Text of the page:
August 2023 Newsletter Articles
New Presidential Primary Rules Aim to Boost GOP Turnout
On Saturday, July 29, the CAGOP adopted new rules which change the March 2024 California Presidential Primary to a proportional system from the previous winner-take-all by congressional district. This new system awards delegates to GOP Presidential candidates based on their percentage of statewide primary vote.
The change was made to comply with Republican National Committee rules which require all Presidential primaries held before March 15 of the Presidential election year to be proportional. California sends the nation’s largest delegation to the Republican National Convention. It is composed of 169 delegates and is made up of 3 delegates per congressional district, 10 at-large delegates, and three members of the Republican National Committee.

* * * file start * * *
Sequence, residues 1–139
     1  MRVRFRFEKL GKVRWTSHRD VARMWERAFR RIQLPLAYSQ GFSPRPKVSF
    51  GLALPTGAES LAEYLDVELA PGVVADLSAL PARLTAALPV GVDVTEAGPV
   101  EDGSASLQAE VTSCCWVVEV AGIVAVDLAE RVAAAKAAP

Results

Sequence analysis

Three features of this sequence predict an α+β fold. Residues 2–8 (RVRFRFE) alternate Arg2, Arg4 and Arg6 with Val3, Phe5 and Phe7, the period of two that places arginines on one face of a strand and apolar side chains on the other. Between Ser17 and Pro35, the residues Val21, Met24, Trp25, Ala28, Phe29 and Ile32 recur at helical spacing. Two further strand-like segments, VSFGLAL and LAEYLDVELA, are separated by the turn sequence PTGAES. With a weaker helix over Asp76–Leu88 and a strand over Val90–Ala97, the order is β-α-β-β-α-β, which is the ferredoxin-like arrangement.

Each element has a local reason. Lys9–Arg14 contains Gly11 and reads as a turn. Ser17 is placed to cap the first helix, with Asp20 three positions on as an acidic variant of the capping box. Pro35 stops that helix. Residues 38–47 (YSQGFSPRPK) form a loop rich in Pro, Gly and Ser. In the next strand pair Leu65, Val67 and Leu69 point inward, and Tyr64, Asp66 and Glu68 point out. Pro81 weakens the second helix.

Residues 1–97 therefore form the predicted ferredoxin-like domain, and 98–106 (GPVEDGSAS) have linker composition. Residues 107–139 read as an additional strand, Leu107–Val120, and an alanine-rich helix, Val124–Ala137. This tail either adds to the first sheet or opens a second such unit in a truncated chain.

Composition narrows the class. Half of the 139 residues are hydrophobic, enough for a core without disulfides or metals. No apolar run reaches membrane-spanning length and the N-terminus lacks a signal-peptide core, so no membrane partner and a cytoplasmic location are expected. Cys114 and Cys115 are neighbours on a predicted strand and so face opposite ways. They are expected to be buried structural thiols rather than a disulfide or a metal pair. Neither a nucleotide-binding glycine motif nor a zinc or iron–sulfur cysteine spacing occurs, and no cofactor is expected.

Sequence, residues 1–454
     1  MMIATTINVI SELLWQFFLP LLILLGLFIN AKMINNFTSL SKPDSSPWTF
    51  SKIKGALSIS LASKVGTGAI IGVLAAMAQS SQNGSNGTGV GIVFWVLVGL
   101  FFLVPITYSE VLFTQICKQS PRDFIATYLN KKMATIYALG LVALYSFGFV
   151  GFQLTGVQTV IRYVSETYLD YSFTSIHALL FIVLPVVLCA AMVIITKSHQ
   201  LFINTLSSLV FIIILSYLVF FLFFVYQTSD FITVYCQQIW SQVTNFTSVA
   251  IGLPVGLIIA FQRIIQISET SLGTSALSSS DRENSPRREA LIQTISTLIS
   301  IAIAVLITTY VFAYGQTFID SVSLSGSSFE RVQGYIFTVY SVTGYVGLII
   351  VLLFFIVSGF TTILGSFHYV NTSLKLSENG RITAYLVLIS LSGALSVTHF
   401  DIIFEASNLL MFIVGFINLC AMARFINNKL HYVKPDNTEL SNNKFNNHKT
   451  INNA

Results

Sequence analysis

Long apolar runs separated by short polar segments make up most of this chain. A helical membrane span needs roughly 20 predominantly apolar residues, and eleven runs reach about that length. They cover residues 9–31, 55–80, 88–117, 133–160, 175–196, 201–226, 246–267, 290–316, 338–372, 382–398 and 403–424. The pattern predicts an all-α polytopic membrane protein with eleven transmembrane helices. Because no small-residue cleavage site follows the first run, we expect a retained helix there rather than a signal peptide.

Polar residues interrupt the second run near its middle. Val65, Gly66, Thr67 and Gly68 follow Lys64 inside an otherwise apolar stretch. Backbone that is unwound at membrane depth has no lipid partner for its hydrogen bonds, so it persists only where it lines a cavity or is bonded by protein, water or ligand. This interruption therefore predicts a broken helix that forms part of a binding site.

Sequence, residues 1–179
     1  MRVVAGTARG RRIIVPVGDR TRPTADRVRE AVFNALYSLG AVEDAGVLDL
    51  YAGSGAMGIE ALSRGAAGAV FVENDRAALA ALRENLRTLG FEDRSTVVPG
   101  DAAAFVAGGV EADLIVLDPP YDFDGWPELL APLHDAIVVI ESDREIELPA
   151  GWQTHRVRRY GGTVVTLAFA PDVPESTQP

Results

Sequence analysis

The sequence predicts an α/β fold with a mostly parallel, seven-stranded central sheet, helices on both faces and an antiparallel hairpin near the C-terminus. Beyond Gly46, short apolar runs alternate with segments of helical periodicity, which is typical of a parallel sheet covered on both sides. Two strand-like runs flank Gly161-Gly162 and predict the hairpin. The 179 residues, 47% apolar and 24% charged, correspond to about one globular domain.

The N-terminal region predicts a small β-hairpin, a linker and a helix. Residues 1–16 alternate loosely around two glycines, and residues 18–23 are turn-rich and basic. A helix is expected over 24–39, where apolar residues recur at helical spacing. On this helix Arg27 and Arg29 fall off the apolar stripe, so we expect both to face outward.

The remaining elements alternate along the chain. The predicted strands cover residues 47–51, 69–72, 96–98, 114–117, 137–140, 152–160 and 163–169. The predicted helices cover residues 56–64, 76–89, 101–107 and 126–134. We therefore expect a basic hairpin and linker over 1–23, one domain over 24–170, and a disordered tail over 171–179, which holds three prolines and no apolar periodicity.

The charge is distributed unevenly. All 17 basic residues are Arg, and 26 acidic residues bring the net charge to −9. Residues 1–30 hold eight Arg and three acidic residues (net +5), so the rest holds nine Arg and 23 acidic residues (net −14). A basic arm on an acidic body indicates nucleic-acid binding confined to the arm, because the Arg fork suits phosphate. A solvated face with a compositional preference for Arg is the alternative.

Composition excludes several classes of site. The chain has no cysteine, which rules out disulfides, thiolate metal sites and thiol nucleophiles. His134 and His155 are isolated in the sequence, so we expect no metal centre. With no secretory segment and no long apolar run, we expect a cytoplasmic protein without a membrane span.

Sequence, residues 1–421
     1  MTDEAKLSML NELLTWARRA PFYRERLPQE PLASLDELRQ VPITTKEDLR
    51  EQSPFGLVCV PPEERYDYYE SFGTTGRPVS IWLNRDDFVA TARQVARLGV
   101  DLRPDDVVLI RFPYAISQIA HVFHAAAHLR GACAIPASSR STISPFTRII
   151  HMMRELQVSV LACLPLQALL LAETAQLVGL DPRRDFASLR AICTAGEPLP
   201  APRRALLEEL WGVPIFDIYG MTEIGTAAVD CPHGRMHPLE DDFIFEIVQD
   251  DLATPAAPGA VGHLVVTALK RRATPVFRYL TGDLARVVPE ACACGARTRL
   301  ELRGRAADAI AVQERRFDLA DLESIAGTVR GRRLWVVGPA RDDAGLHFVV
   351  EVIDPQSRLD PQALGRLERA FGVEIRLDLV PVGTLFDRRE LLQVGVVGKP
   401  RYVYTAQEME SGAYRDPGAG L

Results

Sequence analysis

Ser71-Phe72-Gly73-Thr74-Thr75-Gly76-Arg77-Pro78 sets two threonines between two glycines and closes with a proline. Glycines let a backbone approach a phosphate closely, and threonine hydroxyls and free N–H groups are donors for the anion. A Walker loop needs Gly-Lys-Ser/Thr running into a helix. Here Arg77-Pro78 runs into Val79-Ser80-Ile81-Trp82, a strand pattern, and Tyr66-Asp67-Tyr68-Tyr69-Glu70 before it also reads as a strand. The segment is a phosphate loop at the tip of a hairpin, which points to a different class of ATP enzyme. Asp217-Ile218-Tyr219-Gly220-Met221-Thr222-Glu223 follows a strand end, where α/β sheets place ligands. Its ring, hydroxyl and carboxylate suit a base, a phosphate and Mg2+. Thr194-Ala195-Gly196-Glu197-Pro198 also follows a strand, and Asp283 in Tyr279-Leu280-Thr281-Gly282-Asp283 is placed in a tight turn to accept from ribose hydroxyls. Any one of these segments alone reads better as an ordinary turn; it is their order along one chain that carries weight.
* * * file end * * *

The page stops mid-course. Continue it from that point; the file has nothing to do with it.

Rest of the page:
The new rules are expected to bring more Presidential candidates to campaign in California since candidates who win even a modest percentage of the statewide vote can come away with a significant number of delegates. Any candidate who wins 50% plus one or more of the statewide primary vote will receive 100% of the delegates.
After the adoption of the change, Chairwoman Jessica Patterson stated “Republican presidential candidates will not only be encouraged to spend real time campaigning in our state and making their case to voters, but Republican voters will equally be encouraged to turn out to support their chosen candidate to help them win delegates.” Increased Republican turnout in the March 5 primary would help Republican candidates across the state qualify for the top two runoff election in November.